The patient was treated conservatively with a short course of analgesics and physiotherapy. This regimen failed to alleviate the patient's symptoms. Posterior decompression by L3 laminectomy was performed. Intraoperatively, a cyst was noted in the epidural space spanning the whole of ligamentum flavum in a transverse and cranio-caudal direction at L3/4 level. Two separate ganglion cysts were also found on the dorsal side of both L3/4 facet joints. The dorsal side of the ligamentum flavum cyst extended in a space in the L3/4 interspinous space, whereas the ventral wall was densely adhered to the dura. The cauda equina was decompressed by excising the dorsal cyst wall and drainage of clear fluid inside. The ventral wall could not be separated from the dura and was left in-situ. Further decompression of bilateral lateral canals was performed by undercutting of the facet joints. Both descending L4 nerve roots were decompressed from the shoulders to the entry zone of neuroforamina. Histological examination of the resected specimen demonstrated fibrous connective tissue devoid of lining epithelium.

Postoperatively, the patient showed relief from the spinal claudication symptoms and improvements in ankle dorsiflexion, left great toe flexion and extension power to grade 4/5. He could walk with stick.

Case 2

The second patient was a 56-year-old male optician, who sought orthopaedic consultation because of rapidly progressing bilateral lower limb numbness and weakness for 2 months. Walking tolerance was limited to less than 5 minutes drastically in this period. Left side symptoms were more severe than right side.

Physical examination showed tenderness at lower lumbar spine, weakness of grade 4/5 over left extensor hallucis longus muscle, with decrease in light touch sensation over left L5 dermatome. Straight leg raising test was noted positive at 75 degrees on the left side with tension sign. Lower limb reflexes were intact. All the features were compatible with left sciatica with left L5 radiculopathy.

Radiograph of the lumbosacral spine demonstrated grade I spondylolisthesis at L4/5 level with decreased L4/5 intervertebral disc height. MRI of the same region showed L4/5 disc bulging with severe spinal stenosis (Figure 1C, D).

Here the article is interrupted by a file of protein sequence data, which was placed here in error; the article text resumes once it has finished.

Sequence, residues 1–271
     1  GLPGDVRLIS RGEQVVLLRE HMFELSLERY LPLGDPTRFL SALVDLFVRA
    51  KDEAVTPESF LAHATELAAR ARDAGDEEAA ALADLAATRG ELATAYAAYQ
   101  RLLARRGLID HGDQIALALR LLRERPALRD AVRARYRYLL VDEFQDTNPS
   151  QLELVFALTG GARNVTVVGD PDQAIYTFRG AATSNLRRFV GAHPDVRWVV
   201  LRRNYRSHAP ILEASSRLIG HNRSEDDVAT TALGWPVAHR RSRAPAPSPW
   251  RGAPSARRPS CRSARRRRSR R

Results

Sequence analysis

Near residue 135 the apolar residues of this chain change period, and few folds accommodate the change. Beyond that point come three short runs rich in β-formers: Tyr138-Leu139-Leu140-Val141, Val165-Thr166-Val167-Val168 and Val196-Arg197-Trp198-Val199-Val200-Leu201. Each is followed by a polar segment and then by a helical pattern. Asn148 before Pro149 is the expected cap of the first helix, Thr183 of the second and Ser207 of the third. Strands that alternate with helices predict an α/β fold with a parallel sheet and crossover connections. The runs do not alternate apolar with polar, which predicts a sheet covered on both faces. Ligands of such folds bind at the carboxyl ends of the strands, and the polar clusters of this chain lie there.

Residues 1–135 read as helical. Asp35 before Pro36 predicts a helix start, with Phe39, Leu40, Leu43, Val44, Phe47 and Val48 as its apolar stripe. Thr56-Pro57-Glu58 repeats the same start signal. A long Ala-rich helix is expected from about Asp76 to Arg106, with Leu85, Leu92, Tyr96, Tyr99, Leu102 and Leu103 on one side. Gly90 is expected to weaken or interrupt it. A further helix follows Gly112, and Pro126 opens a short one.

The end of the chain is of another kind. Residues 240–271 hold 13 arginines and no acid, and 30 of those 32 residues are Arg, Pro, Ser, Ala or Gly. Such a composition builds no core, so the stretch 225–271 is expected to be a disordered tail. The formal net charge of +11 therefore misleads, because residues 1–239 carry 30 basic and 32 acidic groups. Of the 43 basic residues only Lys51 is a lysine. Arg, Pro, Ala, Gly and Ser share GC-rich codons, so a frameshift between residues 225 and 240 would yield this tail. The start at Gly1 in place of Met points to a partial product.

Posterior decompression by L4/5 laminectomy was performed. A midline cyst arising from the ligamentum flavum with dense epidural adhesion at the midline was noted (Figure 2). The cyst was freed from the dura and excised with some adherent remnants at the midline. Both descending L5 nerve roots were severely compressed in the lateral canals. L4 and L5 pedicle screw fixation, together with Transforaminal Lumbar Interbody Fusion (TLIF) of the L4/5 levels, were also done to correct the spondylolisthesis. On histological examination, there was dense fibrous tissue identified from the cyst wall.
Figure 2

Intraoperative photo shows the thickened ligamentum flavum cyst wall (black arrow) in between spinous processes (white arrows) upon posterior decompression by laminectomy at L4/5 level.

After the operation, the patient could walk with stick without any claudication symptoms. The left L5 radiculopathy was completely resolved.

Case 3

The third patient was an 85-year-old lady with known low back pain on and off for years. She also had history of hypertension, hyperlipidaemia, old cerebrovascular accident. She presented with sudden deterioration in back pain with bilateral lower limb numbness for 1-month. Physical examination showed local tenderness at the lower lumbar region. Lower limb neurology was intact. X-ray of the lumbosacral spine showed degenerative scoliosis. MRI of the lumbosacral spine showed postero-central disc protrusion at L3/4, L4/5 and L5/S1, with lumbar spinal stenosis, L4/5 and L5/S1 facet joint hypertrophy. There was a hyperintense cystic lesion at L3/4 region on T2-weighted image over posterolateral aspect of the dura on the left side, compatible with a ligamentum flavum cyst. However, the patient refused decompression operation due to medical comorbidities. She was provided with conservative management with static progress.